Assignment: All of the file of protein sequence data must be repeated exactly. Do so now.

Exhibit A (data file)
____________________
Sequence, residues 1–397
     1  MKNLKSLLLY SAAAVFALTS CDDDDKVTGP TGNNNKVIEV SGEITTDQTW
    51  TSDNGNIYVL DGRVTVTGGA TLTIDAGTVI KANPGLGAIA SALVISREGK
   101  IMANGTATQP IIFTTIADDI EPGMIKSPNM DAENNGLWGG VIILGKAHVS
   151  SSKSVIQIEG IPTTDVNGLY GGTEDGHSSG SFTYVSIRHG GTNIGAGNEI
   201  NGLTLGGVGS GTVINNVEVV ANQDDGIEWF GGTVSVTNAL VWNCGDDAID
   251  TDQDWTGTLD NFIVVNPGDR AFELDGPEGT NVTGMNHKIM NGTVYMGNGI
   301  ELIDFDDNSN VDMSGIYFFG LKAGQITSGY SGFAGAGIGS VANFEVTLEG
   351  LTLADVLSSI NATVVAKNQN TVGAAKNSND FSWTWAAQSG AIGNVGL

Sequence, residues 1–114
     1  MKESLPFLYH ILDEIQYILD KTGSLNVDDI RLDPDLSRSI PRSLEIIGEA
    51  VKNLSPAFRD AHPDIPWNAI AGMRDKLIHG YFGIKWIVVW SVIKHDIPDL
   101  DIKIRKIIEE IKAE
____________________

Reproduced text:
Sequence, residues 1–397
     1  MKNLKSLLLY SAAAVFALTS CDDDDKVTGP TGNNNKVIEV SGEITTDQTW
    51  TSDNGNIYVL DGRVTVTGGA TLTIDAGTVI KANPGLGAIA SALVISREGK
   101  IMANGTATQP IIFTTIADDI EPGMIKSPNM DAENNGLWGG VIILGKAHVS
   151  SSKSVIQIEG IPTTDVNGLY GGTEDGHSSG SFTYVSIRHG GTNIGAGNEI
   201  NGLTLGGVGS GTVINNVEVV ANQDDGIEWF GGTVSVTNAL VWNCGDDAID
   251  TDQDWTGTLD NFIVVNPGDR AFELDGPEGT NVTGMNHKIM NGTVYMGNGI
   301  ELIDFDDNSN VDMSGIYFFG LKAGQITSGY SGFAGAGIGS VANFEVTLEG
   351  LTLADVLSSI NATVVAKNQN TVGAAKNSND FSWTWAAQSG AIGNVGL

Sequence, residues 1–114
     1  MKESLPFLYH ILDEIQYILD KTGSLNVDDI RLDPDLSRSI PRSLEIIGEA
    51  VKNLSPAFRD AHPDIPWNAI AGMRDKLIHG YFGIKWIVVW SVIKHDIPDL
   101  DIKIRKIIEE IKAE